New CA Laws Protecting Child Actors From Sexual Harassment
Hollywood has long been a setting for child sexual harassment. Hundreds of child actors have come forward with stories about sexual harassment and abuse on Hollywood sets over the years, often perpetrated by directors, producers, and others in positions of power in the industry. Recently, California Governor Gavin Newsom has made protecting child sexual abuse survivors a key part of his platform. In 2019, he signed a bill that extended the statute of limitations for child sexual abuse victims in California. Now, Governor Newsom has signed three additional bills into law that specifically protect child actors from sexual harassment.
Assembly Bill 3175
The first bill signed, Assembly Bill 3175, requires online sexual harassment training through the Department of Fair Employment and Housing. The child actor, along with his or her parent or guardian, must complete the training and provide a completion certificate to the Labor Commissioner before beginning work on set. The goal of AB 3175 is to spread awareness about sexual harassment in the entertainment industry, educate children and parents on how to prevent sexual harassment, explain legal issues such as retaliation in the workplace, and provide resources for safely reporting sexual harassment on a working set.
Assembly Bill 1963
The second child sexual harassment bill, Assembly Bill 1963, modifies California’s existing Child Abuse and Neglect Reporting Act (Section 1700.52 of the Labor Code). It adds a mandatory requirement for human resource employees at any business with five or more employers that hire minors. Under AB 1963, these employees are now part of the long list of people who must report incidents of child abuse or neglect in California.
If a human resource employee in the entertainment industry observes or suspects child sexual abuse, that employee is legally required to report it. Failure to do so can result in a fine of $1,000 and/or time in county jail. Employers with human resource employees who have to report child abuse must also receive training in identifying and reporting child sexual abuse.
Assembly Bill 3369
The third bill Governor Newsom signed into law is Assembly Bill No. 3369. This bill also amends an existing law: Section 12950.1 of the Government Code. The existing law stated that by January 1, 2021, all employers with at least five employees must provide two or more hours of interactive training and education regarding sexual harassment to supervisors and at least one hour of training to other employees.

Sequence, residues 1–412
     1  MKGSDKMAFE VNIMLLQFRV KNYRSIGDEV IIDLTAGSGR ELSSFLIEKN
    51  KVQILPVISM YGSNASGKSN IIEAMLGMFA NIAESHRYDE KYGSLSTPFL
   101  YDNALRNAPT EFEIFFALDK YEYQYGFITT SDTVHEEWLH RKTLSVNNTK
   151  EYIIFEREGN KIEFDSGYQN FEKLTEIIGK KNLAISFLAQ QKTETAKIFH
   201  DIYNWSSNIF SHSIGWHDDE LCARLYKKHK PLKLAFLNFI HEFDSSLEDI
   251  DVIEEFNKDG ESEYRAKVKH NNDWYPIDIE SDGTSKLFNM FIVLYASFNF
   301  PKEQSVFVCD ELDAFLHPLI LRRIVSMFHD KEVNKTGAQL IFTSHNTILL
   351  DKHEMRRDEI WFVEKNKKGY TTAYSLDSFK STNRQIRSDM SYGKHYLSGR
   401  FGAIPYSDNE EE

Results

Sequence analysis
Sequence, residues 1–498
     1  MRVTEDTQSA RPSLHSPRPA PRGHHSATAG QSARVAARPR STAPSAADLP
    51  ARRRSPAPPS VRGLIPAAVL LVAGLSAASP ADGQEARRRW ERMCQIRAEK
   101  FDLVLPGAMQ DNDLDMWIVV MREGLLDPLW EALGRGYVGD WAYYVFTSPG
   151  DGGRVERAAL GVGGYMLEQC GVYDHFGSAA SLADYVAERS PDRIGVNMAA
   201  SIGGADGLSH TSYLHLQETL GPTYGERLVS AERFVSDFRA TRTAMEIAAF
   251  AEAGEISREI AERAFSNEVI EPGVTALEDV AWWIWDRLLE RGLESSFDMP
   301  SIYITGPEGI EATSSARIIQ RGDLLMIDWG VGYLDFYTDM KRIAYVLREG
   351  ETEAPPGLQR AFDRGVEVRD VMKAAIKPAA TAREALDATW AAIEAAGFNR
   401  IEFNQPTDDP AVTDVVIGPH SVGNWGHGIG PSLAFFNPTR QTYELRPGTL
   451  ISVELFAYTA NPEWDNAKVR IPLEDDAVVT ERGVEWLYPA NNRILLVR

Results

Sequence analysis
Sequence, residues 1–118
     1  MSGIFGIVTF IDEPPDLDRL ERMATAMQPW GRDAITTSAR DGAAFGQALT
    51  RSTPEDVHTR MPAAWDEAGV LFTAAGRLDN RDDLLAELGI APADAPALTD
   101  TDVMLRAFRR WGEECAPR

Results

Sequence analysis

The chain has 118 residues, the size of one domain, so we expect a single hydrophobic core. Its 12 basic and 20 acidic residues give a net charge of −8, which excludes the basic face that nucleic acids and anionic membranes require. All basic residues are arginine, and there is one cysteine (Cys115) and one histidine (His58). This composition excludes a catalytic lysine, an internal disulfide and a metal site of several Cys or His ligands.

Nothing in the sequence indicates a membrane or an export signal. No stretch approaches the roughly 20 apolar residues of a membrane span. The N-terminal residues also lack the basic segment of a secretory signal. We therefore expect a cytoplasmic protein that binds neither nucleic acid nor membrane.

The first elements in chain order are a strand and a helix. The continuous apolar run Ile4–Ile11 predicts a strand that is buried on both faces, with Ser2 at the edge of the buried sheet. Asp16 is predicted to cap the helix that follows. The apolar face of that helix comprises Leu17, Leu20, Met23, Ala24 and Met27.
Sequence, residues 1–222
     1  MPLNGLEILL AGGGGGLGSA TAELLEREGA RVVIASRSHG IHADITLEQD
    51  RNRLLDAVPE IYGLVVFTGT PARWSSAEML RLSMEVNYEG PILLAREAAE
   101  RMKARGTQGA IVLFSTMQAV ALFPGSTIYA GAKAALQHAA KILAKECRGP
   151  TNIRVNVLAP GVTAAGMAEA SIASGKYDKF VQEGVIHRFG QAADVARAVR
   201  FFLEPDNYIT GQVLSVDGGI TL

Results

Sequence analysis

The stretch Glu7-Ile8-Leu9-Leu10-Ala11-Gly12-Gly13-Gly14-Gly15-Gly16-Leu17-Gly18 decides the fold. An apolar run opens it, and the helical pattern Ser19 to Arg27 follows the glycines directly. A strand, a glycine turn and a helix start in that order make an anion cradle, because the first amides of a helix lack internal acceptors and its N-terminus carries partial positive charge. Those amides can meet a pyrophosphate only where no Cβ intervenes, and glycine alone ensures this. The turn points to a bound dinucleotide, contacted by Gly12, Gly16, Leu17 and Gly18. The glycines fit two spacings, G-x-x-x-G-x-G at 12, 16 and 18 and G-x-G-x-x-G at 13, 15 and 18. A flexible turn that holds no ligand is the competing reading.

AB 3369 amends the training requirement by creating an exemption for employees who have already received the required child sexual harassment training under AB 3175 in the past two years. If the worker’s employer has a valid work permit from the Labor Commissioner that required the worker to receive the Fair Employment and Housing Act’s sexual harassment training, that worker will not have to go through additional training.
Mathew & George: Helping Victims of Workplace Sexual Harassment
Governor Newsom and others involved in the creation and passing of these three bills believe they will help prevent child abuse and sexual harassment in the entertainment industry, which has a long history of mistreating child actors. These three bills may help prevent sexual harassment on sets as well as give children and their parents the tools they need to report sexual harassment or abuse in the workplace.
If you experience sexual harassment as a child actor in California, or your child is a victim of this crime, contact Mathew & George for a confidential legal consultation. Our workplace sexual harassment attorneys can help you protect your rights. We keep up with all the latest sexual harassment bills passed in the State of California and know how to pursue justice and compensation on behalf of survivors in the entertainment industry. Call (310) 478-4349 today for a free case review in Los Angeles.